Riyadh [Saudi Arabia]: Saudi Arabia has suspended issuing visas to pilgrims from the Democratic Republic of the Congo over fears that Ebola could spread during next month’s Hajj pilgrimage there.
The Saudi Ministry of Foreign Affairs on Wednesday announced the decision in a note cited by Al Jazeera, saying, “The granting of arrivals visas for people entering from DRC has been stopped, to conserve the well-being of pilgrims.”
The suspension came after the World Health Organisation (WHO) declared that the Ebola outbreak in Congo’s eastern North Kivu and Ituri provinces a public health emergency of international concern.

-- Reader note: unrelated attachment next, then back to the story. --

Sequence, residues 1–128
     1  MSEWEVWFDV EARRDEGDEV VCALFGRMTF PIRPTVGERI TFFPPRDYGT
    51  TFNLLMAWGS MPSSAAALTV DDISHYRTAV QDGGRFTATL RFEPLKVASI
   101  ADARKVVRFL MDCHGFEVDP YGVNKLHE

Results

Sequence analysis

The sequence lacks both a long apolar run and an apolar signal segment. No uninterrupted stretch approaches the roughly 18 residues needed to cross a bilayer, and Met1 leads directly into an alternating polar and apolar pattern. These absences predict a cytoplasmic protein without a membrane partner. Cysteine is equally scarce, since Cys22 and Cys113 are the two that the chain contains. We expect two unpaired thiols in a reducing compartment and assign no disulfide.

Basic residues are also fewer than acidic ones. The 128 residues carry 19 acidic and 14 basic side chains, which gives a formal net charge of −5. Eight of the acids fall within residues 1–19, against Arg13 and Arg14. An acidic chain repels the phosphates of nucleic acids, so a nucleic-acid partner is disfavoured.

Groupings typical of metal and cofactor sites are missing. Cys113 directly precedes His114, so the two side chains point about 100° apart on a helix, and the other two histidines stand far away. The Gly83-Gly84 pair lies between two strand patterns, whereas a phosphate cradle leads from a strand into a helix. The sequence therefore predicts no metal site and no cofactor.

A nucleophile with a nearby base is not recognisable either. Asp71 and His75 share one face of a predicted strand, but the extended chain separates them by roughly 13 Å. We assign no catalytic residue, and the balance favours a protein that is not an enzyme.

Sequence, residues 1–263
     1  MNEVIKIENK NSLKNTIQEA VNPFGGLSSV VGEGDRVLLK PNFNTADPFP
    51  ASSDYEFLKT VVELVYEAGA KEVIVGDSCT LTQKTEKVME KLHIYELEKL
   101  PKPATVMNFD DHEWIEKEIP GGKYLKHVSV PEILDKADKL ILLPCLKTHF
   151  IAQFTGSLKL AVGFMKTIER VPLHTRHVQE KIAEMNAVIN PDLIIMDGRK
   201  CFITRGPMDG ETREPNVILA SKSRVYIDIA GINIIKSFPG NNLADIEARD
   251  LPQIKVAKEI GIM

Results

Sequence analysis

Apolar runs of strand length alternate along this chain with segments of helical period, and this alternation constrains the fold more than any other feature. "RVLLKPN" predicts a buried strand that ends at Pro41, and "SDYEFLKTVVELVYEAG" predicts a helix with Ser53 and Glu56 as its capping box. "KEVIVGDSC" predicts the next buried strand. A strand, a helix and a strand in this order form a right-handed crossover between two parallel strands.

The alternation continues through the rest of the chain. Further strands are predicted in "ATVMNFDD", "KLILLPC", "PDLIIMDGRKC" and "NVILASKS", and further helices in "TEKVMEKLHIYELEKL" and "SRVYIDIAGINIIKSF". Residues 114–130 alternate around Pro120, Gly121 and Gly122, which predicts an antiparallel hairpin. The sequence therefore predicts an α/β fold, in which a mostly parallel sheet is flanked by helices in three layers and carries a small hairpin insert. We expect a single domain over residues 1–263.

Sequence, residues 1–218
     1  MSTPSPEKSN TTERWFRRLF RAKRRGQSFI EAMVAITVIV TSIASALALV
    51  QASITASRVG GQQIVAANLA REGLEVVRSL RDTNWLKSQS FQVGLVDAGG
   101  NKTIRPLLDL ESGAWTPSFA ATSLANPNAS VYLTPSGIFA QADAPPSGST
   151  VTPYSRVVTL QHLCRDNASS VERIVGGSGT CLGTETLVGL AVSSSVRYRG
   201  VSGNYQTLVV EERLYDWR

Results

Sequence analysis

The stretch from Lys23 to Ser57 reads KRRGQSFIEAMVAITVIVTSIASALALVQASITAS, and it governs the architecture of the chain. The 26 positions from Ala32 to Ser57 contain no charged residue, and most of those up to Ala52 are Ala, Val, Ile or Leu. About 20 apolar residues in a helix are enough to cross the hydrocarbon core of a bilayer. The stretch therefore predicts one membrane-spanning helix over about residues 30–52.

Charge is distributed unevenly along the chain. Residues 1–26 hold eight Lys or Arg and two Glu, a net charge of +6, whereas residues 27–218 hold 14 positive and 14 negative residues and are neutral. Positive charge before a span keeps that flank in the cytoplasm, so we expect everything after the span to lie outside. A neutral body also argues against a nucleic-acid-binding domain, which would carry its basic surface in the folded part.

It was not clear how many people’s applications had been affected by the move.
About three per cent of Congo’s population is Muslim who had planned to take part in the annual hajj pilgrimage in Saudi Arabia next month.
Riyadh’s move came despite the World Health Organisation saying at the time of its international emergency declaration that no country should close its borders or place any restrictions on travel or trade because of Ebola and urging governments elsewhere in Africa and around the world not to “panic” in response to the decision.
The epidemic has killed more than 1,700 people – more than two-thirds of those who contracted it – since it emerged last August, according to the Congo’s health ministry. It is the second-worst outbreak of its kind on record.
The Kingdom also suspended pilgrimage visas for travellers from Guinea, Sierra Leone, and Liberia – the three worst-affected countries.
Saudi Arabia also suspended visas during West Africa’s Ebola outbreak a few years ago in which more than 11,000 people died.